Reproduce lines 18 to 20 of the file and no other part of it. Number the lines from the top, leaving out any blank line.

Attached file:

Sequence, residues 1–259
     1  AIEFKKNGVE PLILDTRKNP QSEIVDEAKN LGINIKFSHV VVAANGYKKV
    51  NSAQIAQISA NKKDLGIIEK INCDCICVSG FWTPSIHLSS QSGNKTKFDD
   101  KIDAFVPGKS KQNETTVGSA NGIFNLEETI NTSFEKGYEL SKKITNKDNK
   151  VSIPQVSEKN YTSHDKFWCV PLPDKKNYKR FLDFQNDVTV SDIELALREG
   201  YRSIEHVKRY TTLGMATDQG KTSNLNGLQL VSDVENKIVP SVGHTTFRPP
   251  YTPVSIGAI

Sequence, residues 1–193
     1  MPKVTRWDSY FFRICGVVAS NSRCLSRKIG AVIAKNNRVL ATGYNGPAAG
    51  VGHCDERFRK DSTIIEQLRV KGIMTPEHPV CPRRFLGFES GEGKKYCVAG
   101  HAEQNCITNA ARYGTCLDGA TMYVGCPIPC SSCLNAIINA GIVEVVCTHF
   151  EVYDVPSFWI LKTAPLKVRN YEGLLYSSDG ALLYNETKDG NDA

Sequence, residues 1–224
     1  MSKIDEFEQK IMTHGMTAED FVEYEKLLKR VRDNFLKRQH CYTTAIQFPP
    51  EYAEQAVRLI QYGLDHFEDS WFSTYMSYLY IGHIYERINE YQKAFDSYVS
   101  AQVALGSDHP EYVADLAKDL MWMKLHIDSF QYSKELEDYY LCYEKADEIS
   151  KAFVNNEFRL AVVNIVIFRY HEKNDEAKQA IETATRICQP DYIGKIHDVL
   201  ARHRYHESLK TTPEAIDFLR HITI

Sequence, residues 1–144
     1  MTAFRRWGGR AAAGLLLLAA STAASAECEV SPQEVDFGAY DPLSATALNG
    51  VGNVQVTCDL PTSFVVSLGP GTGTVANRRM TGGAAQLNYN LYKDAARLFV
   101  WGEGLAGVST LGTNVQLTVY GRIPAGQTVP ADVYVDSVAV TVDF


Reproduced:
   201  ARHRYHESLK TTPEAIDFLR HITI

Sequence, residues 1–144
     1  MTAFRRWGGR AAAGLLLLAA STAASAECEV SPQEVDFGAY DPLSATALNG